The lighting is just right, camera settings on point, the mood is set and he’s off like a million shutterbugs. His aim, seven frames per pose at different angles. When he finally stops to inspect what he has captured only those that meet his impeccably high standards will remain. But that’s ok, because the average photographer captures pictures; John McBean captures that thought-provoking imagery somewhere between raw emotion and art.
As Sandals Resorts International’s wedding photographer of the year (2016-2017) and resident lead photographer at Sandals South Coast, John McBean has come a long way from his uncle’s photo studio in Black River.
Growing up, John actually wanted to become a fire fighter. That was until he turned nine and developed this crazy notion, well beyond his years, that he wanted to work with people in love. “I just didn’t know what that job would be, nor did I have a name for it,” said John.
AN EYE FOR PHOTOGRAPHY
It all started to come together when John was 17 years old and held a camera for the first time. He was visiting his uncle’s photo studio to get a portrait picture of himself.
“When I went there, there was a problem with the printer, my uncle was pre-occupied trying to fix it and his relief photographer was out for the day, so he asked me to take a few photos of the next client who came in and quickly showed me how to use the camera.”
John was supposed to take a few test shots and call his uncle to take the others. “But I never called him, and when he came and looked at the pictures I had taken, he was very surprised. He said I seemed to have an eye for photography,” said John.
Wanting to develop on what he saw to be a natural talent, John’s uncle invited him to come back and work in the shop on the weekends. “My uncle taught me the basics of photography and shooting in film, but it was still just a developing hobby for me, certainly not something I planned to seriously pursue,” John admits.
However, anxious to find something to keep himself occupied immediately after graduating from high school and with few options available in the town of Black River, John went to work in his uncle’s photo studio full time.
As his images continuously met with positive feedback from clients, photography began to grow on John. “Eventually I was reading film boxes and everything I could find about cameras and camera operations and the more I read and researched the better I got.”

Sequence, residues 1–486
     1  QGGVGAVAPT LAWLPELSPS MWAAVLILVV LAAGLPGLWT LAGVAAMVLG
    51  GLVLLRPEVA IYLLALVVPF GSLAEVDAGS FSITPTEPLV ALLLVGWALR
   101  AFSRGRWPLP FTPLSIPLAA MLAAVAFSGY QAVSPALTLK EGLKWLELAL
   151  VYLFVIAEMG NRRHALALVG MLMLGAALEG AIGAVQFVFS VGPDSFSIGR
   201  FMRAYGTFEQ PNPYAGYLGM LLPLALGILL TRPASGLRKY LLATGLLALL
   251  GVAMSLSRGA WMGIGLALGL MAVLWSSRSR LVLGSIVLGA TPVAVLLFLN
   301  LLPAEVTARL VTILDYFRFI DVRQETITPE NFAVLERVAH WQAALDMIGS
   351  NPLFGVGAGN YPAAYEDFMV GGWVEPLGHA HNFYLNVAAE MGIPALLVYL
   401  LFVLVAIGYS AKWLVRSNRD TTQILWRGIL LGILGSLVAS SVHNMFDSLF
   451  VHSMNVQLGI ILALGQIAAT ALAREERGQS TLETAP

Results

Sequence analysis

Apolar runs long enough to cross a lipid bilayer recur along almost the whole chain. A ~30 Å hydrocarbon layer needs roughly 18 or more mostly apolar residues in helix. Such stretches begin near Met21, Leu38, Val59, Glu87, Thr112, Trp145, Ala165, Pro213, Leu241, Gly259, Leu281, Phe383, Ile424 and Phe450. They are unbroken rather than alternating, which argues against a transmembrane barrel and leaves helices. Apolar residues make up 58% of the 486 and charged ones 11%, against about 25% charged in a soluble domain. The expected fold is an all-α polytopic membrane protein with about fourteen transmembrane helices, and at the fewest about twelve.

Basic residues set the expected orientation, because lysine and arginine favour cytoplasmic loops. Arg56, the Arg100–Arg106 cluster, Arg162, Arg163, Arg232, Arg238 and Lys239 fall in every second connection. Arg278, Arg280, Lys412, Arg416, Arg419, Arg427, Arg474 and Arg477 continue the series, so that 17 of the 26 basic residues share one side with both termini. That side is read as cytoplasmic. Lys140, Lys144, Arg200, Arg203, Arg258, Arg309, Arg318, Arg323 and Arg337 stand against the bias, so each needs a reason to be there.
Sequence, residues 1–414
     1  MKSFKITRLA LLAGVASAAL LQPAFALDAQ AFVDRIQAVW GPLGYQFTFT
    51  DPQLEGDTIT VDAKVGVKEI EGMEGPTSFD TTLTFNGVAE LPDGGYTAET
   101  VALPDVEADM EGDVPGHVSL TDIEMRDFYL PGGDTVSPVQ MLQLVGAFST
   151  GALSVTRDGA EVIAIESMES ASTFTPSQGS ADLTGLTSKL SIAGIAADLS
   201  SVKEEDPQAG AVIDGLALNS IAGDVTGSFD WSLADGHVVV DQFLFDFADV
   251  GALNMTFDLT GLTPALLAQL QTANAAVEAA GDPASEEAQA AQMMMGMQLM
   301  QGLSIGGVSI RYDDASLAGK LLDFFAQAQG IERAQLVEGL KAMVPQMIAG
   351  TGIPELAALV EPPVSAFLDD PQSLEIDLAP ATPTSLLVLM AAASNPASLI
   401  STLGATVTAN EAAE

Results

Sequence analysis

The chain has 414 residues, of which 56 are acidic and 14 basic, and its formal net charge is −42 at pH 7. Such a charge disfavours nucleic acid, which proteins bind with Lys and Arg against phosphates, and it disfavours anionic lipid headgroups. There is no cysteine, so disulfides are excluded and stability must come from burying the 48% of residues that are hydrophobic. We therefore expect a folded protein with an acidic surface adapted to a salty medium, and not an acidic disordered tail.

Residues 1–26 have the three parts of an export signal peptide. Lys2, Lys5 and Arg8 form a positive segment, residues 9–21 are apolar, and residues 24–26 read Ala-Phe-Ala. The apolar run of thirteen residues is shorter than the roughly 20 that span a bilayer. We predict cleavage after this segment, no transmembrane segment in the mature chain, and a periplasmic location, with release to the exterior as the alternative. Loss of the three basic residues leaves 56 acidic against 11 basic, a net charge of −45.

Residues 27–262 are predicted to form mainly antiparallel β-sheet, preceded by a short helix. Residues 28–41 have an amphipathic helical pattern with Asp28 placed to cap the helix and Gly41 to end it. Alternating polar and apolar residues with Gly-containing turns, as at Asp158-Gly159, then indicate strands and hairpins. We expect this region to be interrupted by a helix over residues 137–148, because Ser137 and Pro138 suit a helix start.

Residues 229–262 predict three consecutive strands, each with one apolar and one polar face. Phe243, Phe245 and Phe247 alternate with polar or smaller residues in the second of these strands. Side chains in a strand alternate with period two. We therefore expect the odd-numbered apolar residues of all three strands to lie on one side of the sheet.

“Working in my uncle’s studio was okay, I was making some money and it felt good, but it wasn’t until I went to Sandals South Coast that I started looking at photography as a career.”
PASSION FOR PHOTOGRAPHY
John joined the Sandals team in 2005. “At that time the hotel was using point-and-shoot cameras. Having learned to shoot in film, which was more technical, made the switch to point-and-shoot a breeze,” said John. His knowledge and experience also gave him an immediate advantage.
Even back then the Sandals team saw something in him, perhaps the same thing his uncle saw. “They [Sandals] decided to invest in me. When Sandals first switched from point-and-shoot to Digital DSLR Cameras I was the first photographer at Sandals South Coast to receive one.” By then, photography was becoming more than just a thing for John. “I knew I wanted this as a career.”
If there is one thing John’s journey can teach anyone with a passion for something it’s that you don’t develop by comparing yourself to your peers. “I was studying the works of prolific photographers from around the world, their work was my measuring stick,” said John. Sandals has sent John on many assignments to other resorts including Sandals Emerald Bay in the Bahamas, where he trained junior photographers to become wedding photographers.
He has won numerous company awards for his works as well as his uncanny ability to increase sales for whichever Photoshop he is assigned to. He has had his works featured in publications like OK! Magazine out of the United Kingdom.
Over the years, John has created a solid reputation for himself at Sandals and a very marketable personal brand. But he’ll admit that his passion for people remains his secret weapon.
Meeting a client for the first time is crucial for him. “Really listening to your client, to their expectations is important but sometimes what is even more important is appreciating what is not said. Finding those emotions with my lens and having them frozen in time for the client to see continues to be my most defining moment,” says John.
“I don’t believe you can truly succeed as a wedding photographer unless you feel deeply and you know what it is to love,” says the self-proclaimed romantic, “and before you can capture images that speak to people’s soul you must first understand the human soul.”